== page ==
Russia's digital track-and-trace system already includes identification measures for some products, such as pharmaceutical drugs and alcohol. The government now intends to expand it to almost all common goods.
Launched in 2018, the Chestny ZNAK system is designed to authenticate merchant transactions by assigning unique IDs to physical goods—sometimes with a QR code, sometimes with a radio-frequency identification (RFID) tag, sometimes both. The code is scanned when the product is purchased, and the transaction is then registered in a government database. If a product is mislabeled, the business owner can be held criminally liable.
Russia isn't the only country with such a system. But the Russian approach stands out in that the government wants it to cover all products eventually, from medicine to tobacco to clothes to groceries. Authorities claim this will combat the distribution of counterfeit products.
Whether or not it will do that, it will certainly burden businesses. "Russia's dairy industry will have to pay around 20 billion rubles ($319.6 million) per year," writes Julia Osipova, managing partner at Uvarovsky, one of the largest dairy producers in the Moscow region. That amount is greater than the subsidies the industry receives from the state.
Artem Belov, general director of the milk company Soyuzmolok, argues that the dairy market doesn't have a contraband problem. The real issue, he says, is if the dairy products don't contain the ingredients outlined in the label.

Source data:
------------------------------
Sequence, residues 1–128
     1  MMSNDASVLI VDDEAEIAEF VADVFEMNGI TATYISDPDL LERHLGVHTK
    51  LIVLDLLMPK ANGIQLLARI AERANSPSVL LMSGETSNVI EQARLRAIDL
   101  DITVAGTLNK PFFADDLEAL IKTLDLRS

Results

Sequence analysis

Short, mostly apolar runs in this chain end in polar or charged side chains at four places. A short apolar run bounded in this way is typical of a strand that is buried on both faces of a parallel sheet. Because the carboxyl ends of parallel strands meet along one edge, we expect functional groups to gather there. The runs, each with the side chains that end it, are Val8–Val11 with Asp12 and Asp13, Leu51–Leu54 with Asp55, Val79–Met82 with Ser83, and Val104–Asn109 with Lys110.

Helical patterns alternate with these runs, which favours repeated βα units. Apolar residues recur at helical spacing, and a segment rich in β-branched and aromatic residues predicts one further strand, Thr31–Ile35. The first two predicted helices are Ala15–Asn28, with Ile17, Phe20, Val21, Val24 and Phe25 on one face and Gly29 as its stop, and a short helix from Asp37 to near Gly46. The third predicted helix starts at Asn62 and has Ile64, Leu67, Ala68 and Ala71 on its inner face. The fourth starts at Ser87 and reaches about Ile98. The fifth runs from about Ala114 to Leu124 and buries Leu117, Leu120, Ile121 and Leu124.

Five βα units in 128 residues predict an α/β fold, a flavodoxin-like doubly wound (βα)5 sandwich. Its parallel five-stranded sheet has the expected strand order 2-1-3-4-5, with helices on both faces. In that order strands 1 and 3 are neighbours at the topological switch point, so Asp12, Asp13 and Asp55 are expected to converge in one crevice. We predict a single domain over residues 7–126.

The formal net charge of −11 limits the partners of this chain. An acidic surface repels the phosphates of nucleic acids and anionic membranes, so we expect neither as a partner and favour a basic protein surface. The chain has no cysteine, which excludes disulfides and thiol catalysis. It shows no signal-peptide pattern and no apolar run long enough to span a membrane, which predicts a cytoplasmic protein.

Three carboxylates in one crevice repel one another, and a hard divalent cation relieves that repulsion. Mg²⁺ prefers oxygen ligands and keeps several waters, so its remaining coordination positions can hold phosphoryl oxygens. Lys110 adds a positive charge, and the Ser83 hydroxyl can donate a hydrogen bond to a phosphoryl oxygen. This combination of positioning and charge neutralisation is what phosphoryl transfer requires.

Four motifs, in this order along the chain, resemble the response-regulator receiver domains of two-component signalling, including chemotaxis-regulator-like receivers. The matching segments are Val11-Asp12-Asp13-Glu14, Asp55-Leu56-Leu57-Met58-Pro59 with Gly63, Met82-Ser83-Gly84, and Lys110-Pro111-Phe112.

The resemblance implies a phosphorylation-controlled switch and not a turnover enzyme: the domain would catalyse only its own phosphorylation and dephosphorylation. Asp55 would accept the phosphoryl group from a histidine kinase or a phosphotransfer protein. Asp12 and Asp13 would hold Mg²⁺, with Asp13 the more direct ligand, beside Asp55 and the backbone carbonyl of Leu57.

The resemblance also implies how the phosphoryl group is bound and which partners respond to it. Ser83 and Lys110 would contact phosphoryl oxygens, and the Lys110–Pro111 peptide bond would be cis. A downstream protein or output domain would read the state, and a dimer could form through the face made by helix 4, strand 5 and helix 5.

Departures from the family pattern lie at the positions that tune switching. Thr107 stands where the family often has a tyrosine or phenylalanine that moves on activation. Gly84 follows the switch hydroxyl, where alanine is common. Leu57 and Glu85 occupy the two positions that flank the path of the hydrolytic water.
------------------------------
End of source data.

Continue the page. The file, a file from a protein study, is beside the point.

Alexander Afonin, deputy director of the Saratov pharmacy chain, also bemoans mandatory labeling's expensive process—for example, the cost of buying multiple code scanners. One scanner costs approximately 7,000 rubles ($111), and businesses like pharmacies typically require several. The mandates are also a problem for small town businesses with limited internet access.
And while Chestny ZNAK's defenders claim the labeling will benefit consumers, it could easily cause price increases for basic goods such as food and clothing, as businesses try to cover their higher costs. The government's attempt to crack down on counterfeit goods is not only burdening consumers with expensive prices, but also confusing them about the effectiveness of the labels. Whether they have significantly reduced the amount of counterfeit goods in circulation is yet to be determined.
Moreover, the system's ability to trace products from manufacturing to point of sale makes it easier for the state to monitor consumer activity under the guise of promoting market transparency.